And Powell is no Biden to be running his mouth off. He meant, I feel certain, to convey this information as his rationale.

Therefore, ISTM:

a) He is, sorry to say, apparently lying;

b) He is, sorry to say, transparently lying because this wouldn't fool anyone who didn't wish to be fooled;

c) He doesn't care enough to come up with a better, more believable lie.

Anyway, you insult and slime good, great and decent people all the time. Tu quoque, perhaps, but why should you have all the fun?

Nichevo said...

Including Gen. Powell, BTW. I guarantee - I wish I had some free cash to put in escrow to bet with you, as seems to be the rule here - that back when anybody cared about Iraq, you had harsh and even disrespectful words for the general.

And if by some chance you held your tongue over say his UN speech - not structurally impossible - I think we both know that many other posters on this board felt and said the same or worse. Think of any names, can we? Want to go down them and criticize them for bashing the guy who is now your guy? Did you do so at the time?

This is why I use references to Orwell when talking about the leftist tactics. "Powell is bad" just went down the memory hole. Maybe he wants to run for President in 2012 after seeing what a lot of crapweasels are in the running of late.

Revenant said...

Why are conservatives so quick to ascribe ignoble motives to someone who has served our country so long and so well as General Powell?

Because there isn't a noble motive that makes any rational sense. So either he's become irrational or his motives are ignoble.

And don't bore us with your belated attempts to praise the man. You lefties wanted him up on war crimes charges until he decided to support the Magic Negro.

Host with the Most said...

Noonan and Will are harder to dismiss, but with all due respect, their reaction can't be taken seriously.

George Will must wait for another discussion.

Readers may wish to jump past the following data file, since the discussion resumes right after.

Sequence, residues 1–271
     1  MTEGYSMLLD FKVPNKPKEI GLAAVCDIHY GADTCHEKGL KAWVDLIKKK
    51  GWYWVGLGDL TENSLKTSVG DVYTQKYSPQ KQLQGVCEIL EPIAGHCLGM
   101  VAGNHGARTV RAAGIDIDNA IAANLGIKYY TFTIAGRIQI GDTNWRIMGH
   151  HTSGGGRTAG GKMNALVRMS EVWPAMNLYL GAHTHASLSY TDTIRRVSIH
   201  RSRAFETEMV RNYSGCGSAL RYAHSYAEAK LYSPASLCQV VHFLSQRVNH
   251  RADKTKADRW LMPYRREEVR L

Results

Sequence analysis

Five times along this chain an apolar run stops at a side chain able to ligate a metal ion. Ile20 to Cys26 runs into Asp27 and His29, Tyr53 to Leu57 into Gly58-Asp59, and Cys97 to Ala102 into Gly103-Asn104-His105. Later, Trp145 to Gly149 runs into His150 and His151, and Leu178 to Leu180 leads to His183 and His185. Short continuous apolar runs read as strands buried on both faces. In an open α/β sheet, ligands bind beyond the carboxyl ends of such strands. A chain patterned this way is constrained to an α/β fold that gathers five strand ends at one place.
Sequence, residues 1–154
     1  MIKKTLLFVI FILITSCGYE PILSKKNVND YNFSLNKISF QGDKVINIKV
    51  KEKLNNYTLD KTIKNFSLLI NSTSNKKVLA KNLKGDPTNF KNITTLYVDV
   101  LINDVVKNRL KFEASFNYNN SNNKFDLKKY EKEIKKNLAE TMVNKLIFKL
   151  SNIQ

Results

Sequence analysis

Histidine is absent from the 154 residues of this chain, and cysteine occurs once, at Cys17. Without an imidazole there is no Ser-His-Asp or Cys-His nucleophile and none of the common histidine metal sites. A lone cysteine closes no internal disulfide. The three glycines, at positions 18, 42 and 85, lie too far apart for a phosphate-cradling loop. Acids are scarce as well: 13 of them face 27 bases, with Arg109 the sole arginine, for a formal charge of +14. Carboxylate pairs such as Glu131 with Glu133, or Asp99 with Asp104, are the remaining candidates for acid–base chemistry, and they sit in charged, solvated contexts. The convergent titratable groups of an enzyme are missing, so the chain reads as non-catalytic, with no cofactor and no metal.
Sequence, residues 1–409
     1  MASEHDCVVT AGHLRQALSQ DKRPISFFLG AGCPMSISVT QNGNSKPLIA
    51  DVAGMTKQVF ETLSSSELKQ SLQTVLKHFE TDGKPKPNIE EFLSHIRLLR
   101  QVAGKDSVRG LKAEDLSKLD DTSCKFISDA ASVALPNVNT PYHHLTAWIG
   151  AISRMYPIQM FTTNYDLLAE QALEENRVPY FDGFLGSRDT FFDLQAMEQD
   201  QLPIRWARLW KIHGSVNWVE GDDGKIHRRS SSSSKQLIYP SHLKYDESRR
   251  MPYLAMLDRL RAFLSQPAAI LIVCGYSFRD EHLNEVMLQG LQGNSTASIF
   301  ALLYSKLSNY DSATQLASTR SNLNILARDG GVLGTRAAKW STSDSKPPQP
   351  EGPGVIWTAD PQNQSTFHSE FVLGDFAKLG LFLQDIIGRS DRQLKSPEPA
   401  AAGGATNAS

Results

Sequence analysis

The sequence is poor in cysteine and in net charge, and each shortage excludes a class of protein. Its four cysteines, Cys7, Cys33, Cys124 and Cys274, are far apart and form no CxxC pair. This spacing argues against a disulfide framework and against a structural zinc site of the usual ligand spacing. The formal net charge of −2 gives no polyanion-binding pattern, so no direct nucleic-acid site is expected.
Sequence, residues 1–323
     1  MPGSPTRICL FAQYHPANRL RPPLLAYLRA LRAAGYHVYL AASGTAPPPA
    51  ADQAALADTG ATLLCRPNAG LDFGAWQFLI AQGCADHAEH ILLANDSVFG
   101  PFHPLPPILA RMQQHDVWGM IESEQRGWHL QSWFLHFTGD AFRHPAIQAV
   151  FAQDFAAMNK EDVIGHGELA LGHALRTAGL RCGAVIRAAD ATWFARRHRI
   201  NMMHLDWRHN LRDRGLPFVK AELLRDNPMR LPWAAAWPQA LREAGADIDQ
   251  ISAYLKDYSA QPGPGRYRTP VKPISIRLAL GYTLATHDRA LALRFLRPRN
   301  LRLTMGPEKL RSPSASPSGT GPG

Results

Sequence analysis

But Peggy Noonan - of whom I own not one but 2 signed books - is a progressively out-of-touch and increasingly condescending faux conservative. I have read her descent into "as long as I throw something as a wink to my West Side of Manhattan friends" in the Wall Street journal for the last 4 years. Her disappointment with the current President has lead her - just like it has Colin Powell - to sell out her party, and worse, to sell out the brave men and women who believed that they were playing a part in an honorable campaign in Iraq. Barack Obama was wrong about Iraq all along, and he will be forced to follow through with his interpretation of ending American involvement in it. Which means that no matter how long he takes to bring our troops home, he and his minions will always be careful to classify Iraq as a "mistake". The wet dream of Democrats - the United States pulling another war in the "loss" column of our history - will always be part of the "official" narrative. Add that to the basic antipathy that the left has toward the military in this country, and we will see the United States military and it's security preparations for this country undermined just as it was under Democrats Carter and Clinton. No one in the world believes that Pelosi / Obama can be better with our military than the two previous Democrat demoralizing military eunuchs.